All programs of economic assistance aimed at financing campaigns of sterilization and contraception, as well as the subordination of economic assistance to such campaigns, are to be morally condemned as affronts to the dignity of the person and the family. The answer to questions connected with population growth must instead by sought in simultaneous respect both of sexual morals and of social ethics, promoting greater justice and authentic solidarity so that dignity is given to life in all circumstances, starting with economic, social and cultural conditions.


  1. So with that statement, i think we should pass a bill that will tax the clergy and church. Kung makikialam kayo sa pagpapatakbo ng gobyerno dapat magbyad kayo ng buwis!

    1. Hanggat may dimensyon ng moralidad ang isang gawain, lalo na kung ito ay pinamumunuan ng mga lider ng bansa, tungkulin ng Simbahan na magsalita tungkol dito.

  2. That's a nice argument -- if you don't agree with me, I'll take away your money. Very rational.

    The Church doesn't have to pay taxes for the simple reason that it already funds numerous social projects in addition to its religious works. Unfortunately for the likes of you, this country is neither a Fascist nor a Communist state, but a country that in the tradition of Western republics considers the Churches to be essential to the promotion of the common good. For that matter, some Western "secular" countries of the kind that are considered by Filipino "intellectuals" as models, not only NOT tax the Church, but actually subsidize it with taxpayer money -- think of Germany and Austria, for instance.

  3. Following the argument of Anonymous, should we now tax TV evangelists, including those who do not live here, because they also teach us how to live morally and ethically? Why should I pay taxes for contraceptives, sterilization and botched abortions?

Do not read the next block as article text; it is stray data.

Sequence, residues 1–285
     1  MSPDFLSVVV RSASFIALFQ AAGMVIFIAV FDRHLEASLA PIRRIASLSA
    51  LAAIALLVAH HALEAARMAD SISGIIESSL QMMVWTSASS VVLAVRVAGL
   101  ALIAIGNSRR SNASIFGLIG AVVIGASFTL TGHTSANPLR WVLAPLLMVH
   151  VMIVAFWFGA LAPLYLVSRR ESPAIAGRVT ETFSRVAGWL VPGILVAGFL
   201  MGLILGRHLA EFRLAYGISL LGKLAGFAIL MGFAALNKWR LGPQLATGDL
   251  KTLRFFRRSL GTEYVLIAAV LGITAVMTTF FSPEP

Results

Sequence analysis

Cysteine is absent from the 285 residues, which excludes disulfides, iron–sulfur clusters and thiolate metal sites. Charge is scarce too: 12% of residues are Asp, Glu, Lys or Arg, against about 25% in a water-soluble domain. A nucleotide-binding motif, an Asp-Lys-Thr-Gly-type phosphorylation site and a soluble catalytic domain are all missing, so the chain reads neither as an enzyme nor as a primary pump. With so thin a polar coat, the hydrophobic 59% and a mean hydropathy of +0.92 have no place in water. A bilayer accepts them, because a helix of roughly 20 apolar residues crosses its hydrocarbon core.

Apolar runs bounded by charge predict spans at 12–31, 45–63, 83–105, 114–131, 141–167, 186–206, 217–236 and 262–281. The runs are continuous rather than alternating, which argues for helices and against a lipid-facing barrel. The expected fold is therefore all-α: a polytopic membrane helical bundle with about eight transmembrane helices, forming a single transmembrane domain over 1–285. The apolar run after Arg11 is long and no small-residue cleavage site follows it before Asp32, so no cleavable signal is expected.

Take botched abortions. I did not get the girl pregnant. Why should I pay for her treatment in a post abortion clinic provided for by the bill?

    The RH bill is not the solution to our poverty problem.What good will it do if you sterilize all the dirt poor if they cannot support themselves?

    Why not just make the dirt poor economically productive so they can buy their own contraceptives? I would still rant and rave about their use of contraceptives because it is against my religious beliefs but can I stop them? It's their money and it's free country.

    Why not just spend the P3B to kick start the program and the P28B to sustain it annually for the education of the dirt poor?

  4. The church is against contraceptive devices. So, if a woman with 5 children who is already having financial difficulties chooses to follow the stand of the church and decides to practice rhythm (assuming she has the time to take her temperature first thing in the morning everyday before getting out of bed which is what rhythm requires) amidst having to take care of her children and maybe go out to do laundry to augment their meager income and still gets pregnant, will the church now say they will take care of the woman's expenses from the time she gets pregnant till birth then take care of the baby from infancy until the child finishes college? The church cannot just say "don't take artificial contraceptives" but not offer a solution for women who get pregnant with the rhythm or billings method which, for one, is highly unreliable.